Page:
Anyone skiing Blackcomb Sunday or Monday would have been treated, as was I, to the ping-ping-pinging on their jackets (or T-shirts) of one of the most intriguing of meteorological phenomena — graupel.
Graupel is a rarified form of frozen precipitation that conjures just enough paradox to suggest an intriguing microcosm of ski-world irony. Once upon a time I curated a column for Powder magazine that was titled "Graupel" for this very reason. Rob Story, my fellow editor-at-large at the time and co-chair for those musings, pretty much knocked it out of the park when he called graupel "the powder that hurts." I don't think anyone has ever come up with anything better.
So just what is this stuff? Even a cursory consideration leads quickly to a hierarchy of technical definitions befitting a Jeopardy category: graupel is snowflakes that become tiny (2–5 mm) rounded pellets due to riming; rime, as many of you know, is a deposit of ice formed when supercooled water droplets freeze on contact with an object (all structures and exposed rocks on the summits of both Whistler and Blackcomb mountains are lousy with the stuff all winter); supercooling is the condition when water remains in the liquid state even though its temperature is below its freezing point. Yes, I'll take graupel for 500.
Although the Inuit have frequently been referenced as employing more than 100 different words for snow, it turns out that their root words for frozen precipitation are no more numerous than in English. But I'm still willing to bet graupel has no equivalent in their language. That's because although graupel can be found in the Oxford dictionary, its etymology shows an origin in late 19th century German — a back-formation from graupeln — to "hail with soft hailstones" — itself derived from graupe, which means "cereal grain." The Germans have a way with words.
Graupel is indeed a kind of hail in that it forms around a pre-existing form of precipitation, but being as light as cereal grain it doesn't have the same gravel-from-a-slingshot kind of impact. NASA once postponed a shuttle launch because the spacecraft was damaged by hail. Graupel wouldn't do that. It's kinder and gentler — more like friendly little pieces of packing Styrofoam. But, as Mr. Story implied, that doesn't mean it's completely benign.
On occasion graupel falls straight down, but usually, since it's most common in maritime climates or the convection tumblers of changing air masses (hello Whistler in spring!), it falls horizontally on a stiff wind — the kind of cold, wet blow that hosts massive colonies of homeless, supercooled water droplets looking for something to do — like bounce emphatically off your face and clothing. So most of the time, being graupelled (I'm guessing this is a legitimate past participle of the verb; and I'm sure anyone who's ever been graupelled would agree) feels like banging your face repeatedly with the bristle-side of a brush. It can be really quite invigorating. If you didn't know you were skiing in a storm, graupel reminds you.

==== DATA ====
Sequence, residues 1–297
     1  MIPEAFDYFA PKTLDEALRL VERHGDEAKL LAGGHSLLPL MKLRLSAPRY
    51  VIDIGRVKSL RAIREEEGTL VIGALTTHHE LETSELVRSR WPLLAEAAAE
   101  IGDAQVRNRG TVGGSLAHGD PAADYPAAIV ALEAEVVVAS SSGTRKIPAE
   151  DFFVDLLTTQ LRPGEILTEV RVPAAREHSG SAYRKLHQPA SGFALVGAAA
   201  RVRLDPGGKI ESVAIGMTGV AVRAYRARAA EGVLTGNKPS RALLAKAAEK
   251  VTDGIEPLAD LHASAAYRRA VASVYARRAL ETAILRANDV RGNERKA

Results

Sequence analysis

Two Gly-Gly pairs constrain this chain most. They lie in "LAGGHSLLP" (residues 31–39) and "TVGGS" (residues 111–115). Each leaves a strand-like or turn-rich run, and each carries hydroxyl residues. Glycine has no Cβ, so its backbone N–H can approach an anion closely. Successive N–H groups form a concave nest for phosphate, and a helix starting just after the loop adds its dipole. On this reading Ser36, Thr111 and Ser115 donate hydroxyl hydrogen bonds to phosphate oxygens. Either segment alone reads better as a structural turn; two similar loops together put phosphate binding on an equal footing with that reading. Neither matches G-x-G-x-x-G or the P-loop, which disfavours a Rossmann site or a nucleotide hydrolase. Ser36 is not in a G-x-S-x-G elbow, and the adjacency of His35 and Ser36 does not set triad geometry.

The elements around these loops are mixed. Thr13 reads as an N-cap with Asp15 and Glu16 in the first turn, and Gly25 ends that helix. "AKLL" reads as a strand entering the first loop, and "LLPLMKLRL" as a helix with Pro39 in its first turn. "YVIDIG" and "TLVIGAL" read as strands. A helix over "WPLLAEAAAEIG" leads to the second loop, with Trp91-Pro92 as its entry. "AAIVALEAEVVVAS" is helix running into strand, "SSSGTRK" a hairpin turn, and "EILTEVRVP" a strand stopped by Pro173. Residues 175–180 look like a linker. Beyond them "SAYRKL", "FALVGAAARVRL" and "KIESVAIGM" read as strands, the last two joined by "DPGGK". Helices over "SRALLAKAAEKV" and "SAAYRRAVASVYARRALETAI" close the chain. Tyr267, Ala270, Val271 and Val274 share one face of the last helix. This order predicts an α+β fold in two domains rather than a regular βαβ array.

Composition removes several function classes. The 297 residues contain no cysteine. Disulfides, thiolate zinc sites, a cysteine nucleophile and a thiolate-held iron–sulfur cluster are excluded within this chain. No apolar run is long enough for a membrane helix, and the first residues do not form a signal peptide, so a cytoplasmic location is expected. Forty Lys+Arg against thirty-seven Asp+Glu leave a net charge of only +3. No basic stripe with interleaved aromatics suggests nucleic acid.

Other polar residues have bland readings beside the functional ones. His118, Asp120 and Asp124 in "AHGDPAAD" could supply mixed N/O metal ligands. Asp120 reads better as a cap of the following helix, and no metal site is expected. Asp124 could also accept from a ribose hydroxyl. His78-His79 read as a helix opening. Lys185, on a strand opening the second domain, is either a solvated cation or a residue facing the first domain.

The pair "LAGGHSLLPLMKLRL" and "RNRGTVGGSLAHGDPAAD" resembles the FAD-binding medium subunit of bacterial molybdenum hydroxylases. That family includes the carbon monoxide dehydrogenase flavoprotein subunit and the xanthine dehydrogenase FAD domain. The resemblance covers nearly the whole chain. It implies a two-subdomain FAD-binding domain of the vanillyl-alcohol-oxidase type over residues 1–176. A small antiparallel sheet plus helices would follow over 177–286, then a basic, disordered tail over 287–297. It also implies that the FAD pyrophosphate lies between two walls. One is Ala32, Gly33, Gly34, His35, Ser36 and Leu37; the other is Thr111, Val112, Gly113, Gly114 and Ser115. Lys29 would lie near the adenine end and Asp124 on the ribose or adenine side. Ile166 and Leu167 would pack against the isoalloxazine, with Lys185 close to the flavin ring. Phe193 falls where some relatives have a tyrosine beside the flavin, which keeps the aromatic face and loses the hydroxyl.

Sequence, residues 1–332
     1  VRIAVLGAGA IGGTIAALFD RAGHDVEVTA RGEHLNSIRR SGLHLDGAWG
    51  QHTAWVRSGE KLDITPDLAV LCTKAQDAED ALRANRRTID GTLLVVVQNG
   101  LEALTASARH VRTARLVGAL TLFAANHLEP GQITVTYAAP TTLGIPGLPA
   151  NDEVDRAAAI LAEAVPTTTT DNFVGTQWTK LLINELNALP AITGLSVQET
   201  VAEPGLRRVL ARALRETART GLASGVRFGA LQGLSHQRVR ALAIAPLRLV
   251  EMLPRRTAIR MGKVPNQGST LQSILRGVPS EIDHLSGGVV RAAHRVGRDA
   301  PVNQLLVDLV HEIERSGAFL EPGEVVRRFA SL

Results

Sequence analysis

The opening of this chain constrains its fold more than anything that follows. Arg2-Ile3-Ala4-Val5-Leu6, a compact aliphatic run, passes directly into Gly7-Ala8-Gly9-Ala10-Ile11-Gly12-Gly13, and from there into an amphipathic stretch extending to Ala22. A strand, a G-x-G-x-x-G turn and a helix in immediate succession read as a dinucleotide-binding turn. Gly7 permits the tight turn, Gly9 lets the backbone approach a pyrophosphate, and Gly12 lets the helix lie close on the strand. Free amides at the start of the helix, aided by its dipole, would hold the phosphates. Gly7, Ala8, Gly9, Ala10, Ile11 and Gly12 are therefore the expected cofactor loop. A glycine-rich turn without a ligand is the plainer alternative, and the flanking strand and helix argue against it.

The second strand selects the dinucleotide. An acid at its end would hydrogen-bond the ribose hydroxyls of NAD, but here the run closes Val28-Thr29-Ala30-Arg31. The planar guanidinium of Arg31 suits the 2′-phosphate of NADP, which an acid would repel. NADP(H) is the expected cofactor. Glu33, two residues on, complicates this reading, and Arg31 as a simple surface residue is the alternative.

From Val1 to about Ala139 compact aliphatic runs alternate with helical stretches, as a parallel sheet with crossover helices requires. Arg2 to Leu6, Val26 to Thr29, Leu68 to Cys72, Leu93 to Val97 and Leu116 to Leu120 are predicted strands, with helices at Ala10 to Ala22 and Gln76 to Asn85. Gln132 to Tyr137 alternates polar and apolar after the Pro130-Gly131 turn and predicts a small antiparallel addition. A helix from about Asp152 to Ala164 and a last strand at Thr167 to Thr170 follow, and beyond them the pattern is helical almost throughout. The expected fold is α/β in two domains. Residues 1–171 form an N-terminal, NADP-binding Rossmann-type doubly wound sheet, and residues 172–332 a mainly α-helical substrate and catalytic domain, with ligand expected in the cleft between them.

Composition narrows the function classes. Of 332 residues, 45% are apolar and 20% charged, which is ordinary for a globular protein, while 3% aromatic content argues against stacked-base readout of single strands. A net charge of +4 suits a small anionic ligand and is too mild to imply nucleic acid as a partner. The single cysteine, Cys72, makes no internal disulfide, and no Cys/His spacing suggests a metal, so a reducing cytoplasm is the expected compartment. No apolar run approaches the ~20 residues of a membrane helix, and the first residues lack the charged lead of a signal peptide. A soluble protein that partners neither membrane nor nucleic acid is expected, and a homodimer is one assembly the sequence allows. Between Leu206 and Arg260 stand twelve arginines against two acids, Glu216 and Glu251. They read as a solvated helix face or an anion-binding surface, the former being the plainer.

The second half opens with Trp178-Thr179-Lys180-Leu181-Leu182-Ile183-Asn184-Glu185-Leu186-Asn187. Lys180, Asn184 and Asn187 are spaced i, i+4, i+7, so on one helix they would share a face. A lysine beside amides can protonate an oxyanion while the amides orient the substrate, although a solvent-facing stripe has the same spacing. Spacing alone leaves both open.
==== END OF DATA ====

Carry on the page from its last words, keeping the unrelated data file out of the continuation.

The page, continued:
Graupel, in fact, reflects everything that's good about skiing — surprise, sensation, texture, raw nature — and also everything that's weird and mysterious. When graupel falls, skiers inevitably look at the odd accumulation, and, if they're not Scottish or a trained meteorologist, screw up their face and ask, "What's this stuff?" Me, I always greet the advent of these little pellets with an enthusiastic "All right — graupel!" I dig the hollow sandblast ping they make when they bounce off your Gore-Tex; kind of like the distant, muffled sound of popping corn. I'll take graupel over ice pellets and sleet any day.
Like skiers, graupel particles are rugged individualists; they don't ever bother sticking together. Riding up a chairlift you can even count them as they roll down your jacket, piling up in crooked sleeves, creases, and, mostly, your lap. The conditions that create graupel are typically short-lived, so there usually isn't much of it. Once in a while, however, it gets unexpectedly deep. And since graupel's light (there's a lot of air trapped in rime), it can be pretty sweet. After a strange three-day storm in the mountains of Lebanon once, I actually skied 20 centimetres of graupel meringue that, though dense because the pellets have no loft, was every bit as forgiving as powder and twice as speedy. Sure I almost got hit by lightning trying to ski it, but it wasn't the graupel's fault.
But whether underfoot or in your face, a good graupel session reminds you that skiing is all about the trade-offs between pain and pleasure. I'm not thinking about bad pain — like discovering through direct experience why you should be wearing a helmet — but the good pain. The kind that tells you you're having a good time. You know the drill — leg-burn, out of breath, ice-cream headaches, frozen toes.
That's because skiing, like graupel, hurts so good.
Leslie Anthony is a Whistler-based author, editor, biologist and bon vivant who has never met a mountain he didn't like.
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